Grosvenor Lodge

Samuel Peters and his wife, Ann Philips, the builders of Grosvenor Lodge, left Devon, England, in 1835, and arrived in Quebec City after a six-week crossing. They traveled to London by riverboat, barge, and wagon. The family first lived on Ridout Street, where Peters built a house and an abattoir. He acted as a surveyor in London and elsewhere for the Canada Company. In 1850, Peters purchased a brewery west of Blackfriar’s Bridge, in an area he had surveyed and subdivided. It was known as Petersville.

Peters was an active and respected citizen. A founding member of London’s first Masonic lodge, he helped lay the cornerstone of St. Paul’s Cathedral in 1844.

In 1853, Peters employed his architect-surveyor nephew, Samuel Peters, Jr., to prepare designs for his house. The Tudor Gothic style of architecture chosen was influenced by a manor house in Merton, Devonshire, England, that Mrs. Peters knew. Among the house’s notable features are its locally crafted stained-glass windows encasing “S.P.” for Samuel Peters, and “A.P.” for his wife Ann Philips, in the design of the sidelights and the entwined “S” (Samuel) and “A” (Ann) in the fanlight.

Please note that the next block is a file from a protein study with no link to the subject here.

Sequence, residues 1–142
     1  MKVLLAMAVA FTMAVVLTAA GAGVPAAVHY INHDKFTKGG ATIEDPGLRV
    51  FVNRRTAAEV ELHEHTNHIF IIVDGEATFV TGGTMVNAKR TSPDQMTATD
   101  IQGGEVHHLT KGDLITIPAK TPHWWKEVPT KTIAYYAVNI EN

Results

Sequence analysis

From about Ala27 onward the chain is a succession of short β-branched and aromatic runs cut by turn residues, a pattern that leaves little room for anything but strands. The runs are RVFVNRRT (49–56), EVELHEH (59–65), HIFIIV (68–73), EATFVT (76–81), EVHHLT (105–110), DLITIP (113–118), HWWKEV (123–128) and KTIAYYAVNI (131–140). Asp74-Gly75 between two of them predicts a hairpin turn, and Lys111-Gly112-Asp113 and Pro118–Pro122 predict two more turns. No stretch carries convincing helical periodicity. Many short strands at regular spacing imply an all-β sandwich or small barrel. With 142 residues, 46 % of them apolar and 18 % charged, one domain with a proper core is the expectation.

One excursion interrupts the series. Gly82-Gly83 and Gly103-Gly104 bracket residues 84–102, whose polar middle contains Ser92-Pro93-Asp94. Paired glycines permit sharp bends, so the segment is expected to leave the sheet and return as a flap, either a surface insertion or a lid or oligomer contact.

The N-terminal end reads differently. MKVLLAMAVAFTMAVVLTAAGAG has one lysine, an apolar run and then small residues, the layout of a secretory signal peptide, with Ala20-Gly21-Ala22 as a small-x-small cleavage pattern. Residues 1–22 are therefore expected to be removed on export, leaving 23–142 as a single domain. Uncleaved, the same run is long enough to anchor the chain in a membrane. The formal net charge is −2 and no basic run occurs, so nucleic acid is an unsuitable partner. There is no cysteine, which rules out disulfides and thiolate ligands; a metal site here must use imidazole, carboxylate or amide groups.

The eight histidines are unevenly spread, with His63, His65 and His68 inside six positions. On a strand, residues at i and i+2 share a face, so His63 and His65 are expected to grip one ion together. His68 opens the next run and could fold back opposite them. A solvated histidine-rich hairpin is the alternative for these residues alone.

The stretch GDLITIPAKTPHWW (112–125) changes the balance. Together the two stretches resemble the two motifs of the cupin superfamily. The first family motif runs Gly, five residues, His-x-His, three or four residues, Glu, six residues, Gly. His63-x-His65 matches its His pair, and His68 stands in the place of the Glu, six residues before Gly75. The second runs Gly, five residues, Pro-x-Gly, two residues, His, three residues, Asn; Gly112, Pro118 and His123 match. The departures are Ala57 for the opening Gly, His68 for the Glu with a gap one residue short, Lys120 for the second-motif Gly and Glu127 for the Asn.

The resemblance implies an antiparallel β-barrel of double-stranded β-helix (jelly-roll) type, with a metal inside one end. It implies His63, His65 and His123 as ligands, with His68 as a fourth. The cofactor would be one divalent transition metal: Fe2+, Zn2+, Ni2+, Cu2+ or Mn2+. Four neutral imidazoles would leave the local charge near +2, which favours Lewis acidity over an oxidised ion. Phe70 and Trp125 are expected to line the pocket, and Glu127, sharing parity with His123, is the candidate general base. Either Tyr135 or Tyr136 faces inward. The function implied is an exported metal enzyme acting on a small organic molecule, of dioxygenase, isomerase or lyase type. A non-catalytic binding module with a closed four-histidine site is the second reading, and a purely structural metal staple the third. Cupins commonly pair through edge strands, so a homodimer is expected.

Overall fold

Also of note is the stonework of the gables and windows. The plaques in the matching front elevation gables encase “S.P.” on one side and the construction date “1853” on the other. Among the interior features are wide-planked pine floors and individually carved marble fireplaces. The Gothic Revival fireplace in the dining room is of particular merit.

Grosvenor Lodge is now home to the London Regional Resource Centre for Heritage and the Environment.


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Grosvenor Lodge
1017 Western Road
London, ON
42° 59' 46.6692" N, 81° 16' 20.7084" W